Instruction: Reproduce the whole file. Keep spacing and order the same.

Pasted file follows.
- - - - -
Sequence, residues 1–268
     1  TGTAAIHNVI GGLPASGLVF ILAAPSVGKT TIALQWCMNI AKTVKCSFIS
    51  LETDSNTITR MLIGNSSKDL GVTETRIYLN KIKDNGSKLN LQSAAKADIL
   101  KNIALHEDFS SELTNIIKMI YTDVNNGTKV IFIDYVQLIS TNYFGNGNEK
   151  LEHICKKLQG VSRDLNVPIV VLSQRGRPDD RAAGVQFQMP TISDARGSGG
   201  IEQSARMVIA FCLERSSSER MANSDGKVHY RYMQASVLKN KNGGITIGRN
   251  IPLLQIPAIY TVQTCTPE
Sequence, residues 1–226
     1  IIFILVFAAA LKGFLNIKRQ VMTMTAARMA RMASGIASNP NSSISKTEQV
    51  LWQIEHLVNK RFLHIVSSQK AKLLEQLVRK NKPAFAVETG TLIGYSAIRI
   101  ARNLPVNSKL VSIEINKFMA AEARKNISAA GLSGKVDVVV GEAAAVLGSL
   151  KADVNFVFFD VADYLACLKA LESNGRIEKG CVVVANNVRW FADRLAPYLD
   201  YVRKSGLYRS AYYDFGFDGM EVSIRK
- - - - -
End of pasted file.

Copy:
Sequence, residues 1–268
     1  TGTAAIHNVI GGLPASGLVF ILAAPSVGKT TIALQWCMNI AKTVKCSFIS
    51  LETDSNTITR MLIGNSSKDL GVTETRIYLN KIKDNGSKLN LQSAAKADIL
   101  KNIALHEDFS SELTNIIKMI YTDVNNGTKV IFIDYVQLIS TNYFGNGNEK
   151  LEHICKKLQG VSRDLNVPIV VLSQRGRPDD RAAGVQFQMP TISDARGSGG
   201  IEQSARMVIA FCLERSSSER MANSDGKVHY RYMQASVLKN KNGGITIGRN
   251  IPLLQIPAIY TVQTCTPE
Sequence, residues 1–226
     1  IIFILVFAAA LKGFLNIKRQ VMTMTAARMA RMASGIASNP NSSISKTEQV
    51  LWQIEHLVNK RFLHIVSSQK AKLLEQLVRK NKPAFAVETG TLIGYSAIRI
   101  ARNLPVNSKL VSIEINKFMA AEARKNISAA GLSGKVDVVV GEAAAVLGSL
   151  KADVNFVFFD VADYLACLKA LESNGRIEKG CVVVANNVRW FADRLAPYLD
   201  YVRKSGLYRS AYYDFGFDGM EVSIRK